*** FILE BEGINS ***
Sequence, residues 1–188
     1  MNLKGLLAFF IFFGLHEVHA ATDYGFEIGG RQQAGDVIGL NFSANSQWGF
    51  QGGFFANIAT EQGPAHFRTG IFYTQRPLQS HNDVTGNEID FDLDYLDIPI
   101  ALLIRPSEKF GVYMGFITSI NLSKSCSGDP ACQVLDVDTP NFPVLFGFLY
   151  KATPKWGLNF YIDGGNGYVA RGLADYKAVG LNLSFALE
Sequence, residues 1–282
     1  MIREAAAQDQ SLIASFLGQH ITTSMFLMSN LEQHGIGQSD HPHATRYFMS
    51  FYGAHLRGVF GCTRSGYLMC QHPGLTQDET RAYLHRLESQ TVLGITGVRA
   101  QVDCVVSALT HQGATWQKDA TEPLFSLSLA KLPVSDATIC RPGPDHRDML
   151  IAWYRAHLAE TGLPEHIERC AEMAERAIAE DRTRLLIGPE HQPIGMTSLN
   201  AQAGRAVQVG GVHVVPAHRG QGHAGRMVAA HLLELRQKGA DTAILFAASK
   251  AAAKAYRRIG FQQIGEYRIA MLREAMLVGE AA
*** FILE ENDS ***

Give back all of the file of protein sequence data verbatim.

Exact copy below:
Sequence, residues 1–188
     1  MNLKGLLAFF IFFGLHEVHA ATDYGFEIGG RQQAGDVIGL NFSANSQWGF
    51  QGGFFANIAT EQGPAHFRTG IFYTQRPLQS HNDVTGNEID FDLDYLDIPI
   101  ALLIRPSEKF GVYMGFITSI NLSKSCSGDP ACQVLDVDTP NFPVLFGFLY
   151  KATPKWGLNF YIDGGNGYVA RGLADYKAVG LNLSFALE
Sequence, residues 1–282
     1  MIREAAAQDQ SLIASFLGQH ITTSMFLMSN LEQHGIGQSD HPHATRYFMS
    51  FYGAHLRGVF GCTRSGYLMC QHPGLTQDET RAYLHRLESQ TVLGITGVRA
   101  QVDCVVSALT HQGATWQKDA TEPLFSLSLA KLPVSDATIC RPGPDHRDML
   151  IAWYRAHLAE TGLPEHIERC AEMAERAIAE DRTRLLIGPE HQPIGMTSLN
   201  AQAGRAVQVG GVHVVPAHRG QGHAGRMVAA HLLELRQKGA DTAILFAASK
   251  AAAKAYRRIG FQQIGEYRIA MLREAMLVGE AA